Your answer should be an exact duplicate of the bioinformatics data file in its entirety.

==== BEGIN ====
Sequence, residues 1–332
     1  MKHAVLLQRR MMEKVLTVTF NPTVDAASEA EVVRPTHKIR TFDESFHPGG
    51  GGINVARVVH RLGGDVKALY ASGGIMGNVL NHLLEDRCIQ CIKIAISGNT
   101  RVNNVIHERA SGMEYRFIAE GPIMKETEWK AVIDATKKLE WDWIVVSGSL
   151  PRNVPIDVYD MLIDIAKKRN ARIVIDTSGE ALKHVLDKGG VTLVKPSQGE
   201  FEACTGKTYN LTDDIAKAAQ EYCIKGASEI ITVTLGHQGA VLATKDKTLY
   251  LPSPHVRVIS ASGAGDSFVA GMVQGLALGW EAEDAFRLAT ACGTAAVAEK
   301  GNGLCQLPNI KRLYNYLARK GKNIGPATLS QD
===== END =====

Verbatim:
Sequence, residues 1–332
     1  MKHAVLLQRR MMEKVLTVTF NPTVDAASEA EVVRPTHKIR TFDESFHPGG
    51  GGINVARVVH RLGGDVKALY ASGGIMGNVL NHLLEDRCIQ CIKIAISGNT
   101  RVNNVIHERA SGMEYRFIAE GPIMKETEWK AVIDATKKLE WDWIVVSGSL
   151  PRNVPIDVYD MLIDIAKKRN ARIVIDTSGE ALKHVLDKGG VTLVKPSQGE
   201  FEACTGKTYN LTDDIAKAAQ EYCIKGASEI ITVTLGHQGA VLATKDKTLY
   251  LPSPHVRVIS ASGAGDSFVA GMVQGLALGW EAEDAFRLAT ACGTAAVAEK
   301  GNGLCQLPNI KRLYNYLARK GKNIGPATLS QD